The drugs debate in Britain is hopelessly polarised. Neither extreme is helpfully to inform attempts to deal with drugs misuse in Britain. Our report sought to define a new foundation for the drugs debate, based on a clear understanding of how young people decide to use - or not - a whole range of drugs, both legal and illegal.
Overcoming the current polarisation of the drugs debate would place Britain in an exceptional position, historically and internationally. But our research indicates that before anysuch revolution is achieved, two key myths about young people and drugs need to be debunked.
First, a widely held view of young people is that, in general they use drugs. And indeed, according to some surveys, 50 per cent or so of young people report having tried drugs at least once. But this figure wraps up young people who try drugs only once, or use them intermittently or recreationally, with those who are problem drug users. By lumping all young drug users together, the fact that the vast majority of young people who use drugs recreationally "mature out" in the their mid- to late-20s is lost. The remaining 50 per cent of young people have never tried drugs.
Second, a widely-held view of young drug users is that they are in some way weaker and more easily influenced than their non-using peers. Yet our research found that those who use drugs recreationally are much like young people in general - they trust and respect their families, have aspirations for the future and maintain that out-of-control behaviour is unacceptable.
In most areas of Britain, drugs are integrated in the patterns of leisure available to the young. But that is not to say that drugs and drug use are necessarily the dominant feature in young people's lives. Both using and not using drugs can be part of a young person's statement of independence. So, contrary to the peer pressure argument, a young person from a deprived region such as the Manchester area of Wythenshawe, where problem drug use is widespread, is as likely to make a statement of individual identity by not using drugs, as a peer in a more affluent area is to express such individualism by trying drugs.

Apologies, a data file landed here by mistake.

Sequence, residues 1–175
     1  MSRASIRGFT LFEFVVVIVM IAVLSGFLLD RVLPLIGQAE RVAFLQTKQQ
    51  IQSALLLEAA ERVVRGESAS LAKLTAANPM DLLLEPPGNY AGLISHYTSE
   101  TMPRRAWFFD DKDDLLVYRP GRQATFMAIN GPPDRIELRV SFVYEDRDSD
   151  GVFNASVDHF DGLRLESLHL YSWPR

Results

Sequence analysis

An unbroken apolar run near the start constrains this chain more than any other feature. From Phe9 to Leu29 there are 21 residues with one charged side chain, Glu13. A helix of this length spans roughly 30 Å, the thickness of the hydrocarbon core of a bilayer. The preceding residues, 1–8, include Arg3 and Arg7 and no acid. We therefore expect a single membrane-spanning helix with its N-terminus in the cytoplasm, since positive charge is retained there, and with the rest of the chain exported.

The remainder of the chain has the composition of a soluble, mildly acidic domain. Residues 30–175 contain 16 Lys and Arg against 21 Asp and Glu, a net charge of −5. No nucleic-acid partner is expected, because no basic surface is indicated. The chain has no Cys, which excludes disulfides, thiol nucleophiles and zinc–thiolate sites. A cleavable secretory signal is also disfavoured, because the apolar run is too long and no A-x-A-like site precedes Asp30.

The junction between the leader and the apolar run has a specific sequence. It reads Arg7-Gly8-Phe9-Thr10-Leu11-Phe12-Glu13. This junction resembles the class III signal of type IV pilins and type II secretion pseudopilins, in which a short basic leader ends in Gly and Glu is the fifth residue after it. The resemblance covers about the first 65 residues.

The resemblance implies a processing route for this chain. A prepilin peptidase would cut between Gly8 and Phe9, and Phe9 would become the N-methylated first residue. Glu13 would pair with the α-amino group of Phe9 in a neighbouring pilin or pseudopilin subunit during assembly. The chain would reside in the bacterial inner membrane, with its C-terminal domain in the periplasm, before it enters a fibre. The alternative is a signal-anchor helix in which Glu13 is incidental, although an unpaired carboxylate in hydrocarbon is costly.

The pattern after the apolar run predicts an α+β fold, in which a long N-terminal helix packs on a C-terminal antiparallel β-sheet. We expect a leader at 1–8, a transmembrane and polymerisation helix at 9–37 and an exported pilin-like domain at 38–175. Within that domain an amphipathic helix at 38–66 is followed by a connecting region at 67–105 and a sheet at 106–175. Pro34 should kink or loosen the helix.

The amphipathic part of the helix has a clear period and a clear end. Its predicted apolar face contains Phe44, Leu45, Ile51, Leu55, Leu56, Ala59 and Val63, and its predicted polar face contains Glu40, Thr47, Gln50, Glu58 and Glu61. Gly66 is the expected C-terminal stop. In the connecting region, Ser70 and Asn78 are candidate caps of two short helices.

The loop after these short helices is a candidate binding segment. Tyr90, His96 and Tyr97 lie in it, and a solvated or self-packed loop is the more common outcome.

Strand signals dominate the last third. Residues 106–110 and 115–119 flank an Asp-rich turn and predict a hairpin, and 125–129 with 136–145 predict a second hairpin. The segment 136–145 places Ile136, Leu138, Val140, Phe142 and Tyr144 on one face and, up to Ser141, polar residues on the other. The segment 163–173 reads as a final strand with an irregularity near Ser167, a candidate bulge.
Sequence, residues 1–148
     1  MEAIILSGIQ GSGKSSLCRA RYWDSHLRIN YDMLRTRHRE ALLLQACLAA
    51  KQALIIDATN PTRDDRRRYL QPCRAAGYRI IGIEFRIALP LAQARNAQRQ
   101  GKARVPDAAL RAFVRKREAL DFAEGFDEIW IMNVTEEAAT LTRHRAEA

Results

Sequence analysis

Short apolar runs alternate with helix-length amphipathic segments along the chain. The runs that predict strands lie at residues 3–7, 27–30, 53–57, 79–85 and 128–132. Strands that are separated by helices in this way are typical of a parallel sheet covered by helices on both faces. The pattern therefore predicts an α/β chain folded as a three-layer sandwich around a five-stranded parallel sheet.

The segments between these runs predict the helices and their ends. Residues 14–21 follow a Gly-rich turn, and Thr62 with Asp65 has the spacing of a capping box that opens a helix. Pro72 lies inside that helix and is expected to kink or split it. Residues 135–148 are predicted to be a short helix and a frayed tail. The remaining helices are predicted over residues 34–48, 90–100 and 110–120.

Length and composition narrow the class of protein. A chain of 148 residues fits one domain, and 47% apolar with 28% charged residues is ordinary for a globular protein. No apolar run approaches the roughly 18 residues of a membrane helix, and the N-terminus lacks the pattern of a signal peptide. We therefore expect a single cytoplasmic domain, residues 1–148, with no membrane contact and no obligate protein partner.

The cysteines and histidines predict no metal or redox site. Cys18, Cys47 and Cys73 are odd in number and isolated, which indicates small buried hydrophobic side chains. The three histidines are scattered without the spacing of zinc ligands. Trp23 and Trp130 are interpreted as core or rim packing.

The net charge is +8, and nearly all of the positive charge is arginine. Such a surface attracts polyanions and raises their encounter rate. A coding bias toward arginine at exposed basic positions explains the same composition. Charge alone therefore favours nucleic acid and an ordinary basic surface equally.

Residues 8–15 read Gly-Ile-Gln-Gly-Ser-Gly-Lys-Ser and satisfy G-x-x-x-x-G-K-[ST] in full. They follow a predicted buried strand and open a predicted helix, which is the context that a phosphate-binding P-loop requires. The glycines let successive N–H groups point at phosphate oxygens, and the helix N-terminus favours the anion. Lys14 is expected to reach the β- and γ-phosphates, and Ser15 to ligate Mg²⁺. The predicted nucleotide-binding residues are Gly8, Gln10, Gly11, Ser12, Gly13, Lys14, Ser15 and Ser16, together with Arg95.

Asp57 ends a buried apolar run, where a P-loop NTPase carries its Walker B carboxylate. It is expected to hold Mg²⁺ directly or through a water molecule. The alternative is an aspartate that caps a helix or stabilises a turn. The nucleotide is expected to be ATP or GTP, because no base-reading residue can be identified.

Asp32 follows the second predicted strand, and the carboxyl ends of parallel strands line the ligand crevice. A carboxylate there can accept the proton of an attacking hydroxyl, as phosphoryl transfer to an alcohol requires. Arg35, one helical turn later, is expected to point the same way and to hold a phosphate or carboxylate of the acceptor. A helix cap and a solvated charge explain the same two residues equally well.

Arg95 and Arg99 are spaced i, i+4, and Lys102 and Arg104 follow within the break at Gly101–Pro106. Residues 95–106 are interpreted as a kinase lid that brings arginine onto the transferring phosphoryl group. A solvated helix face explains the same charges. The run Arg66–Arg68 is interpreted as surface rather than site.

Most young people are not interested in spending their evenings out of their heads on street corners. Equally, though, many are struggling with the reality that, in some areas, there is little else to do. The challenge for policy makers is to understand and acknowledge that young people who use drugs recreationally see themselves as having made a choice about their leisure time, and so are otherwise not particularly different from their non-drug-using peers.
Programmes which aim to stigmatise young drug users tend to push young people away from policy-makers and active engagement in British civic life. Stigmatisation reduces young people's willingness to contribute to drugs safety and avoidance campaigns, let alone to contribute to wider, important debates about life in Britain. Until the reality of young people's attitudes and behaviour are understood, the opportunity to establish a constructive and results-oriented approach to drugs misuse in Britain is limited.
Most importantly, by allowing the drugs debate to ossify into a simple polarisation between arguments for enforcement versus legalisation, nothing has been achieved beyond, at best, the disengagement and, at worst, the alienation of British youth. The truth is that both sides have got it wrong - not least from the perspective of young people.
! 'The substance of youth: the place of drugs in young people's lives today', by Perri 6, Ben Jupp, Helen Perry and Kristen Lasky, is published by the Joseph Rowntree Foundation, price pounds 11.95. Copies can be ordered from JRF on 01904 629 241.Reuse content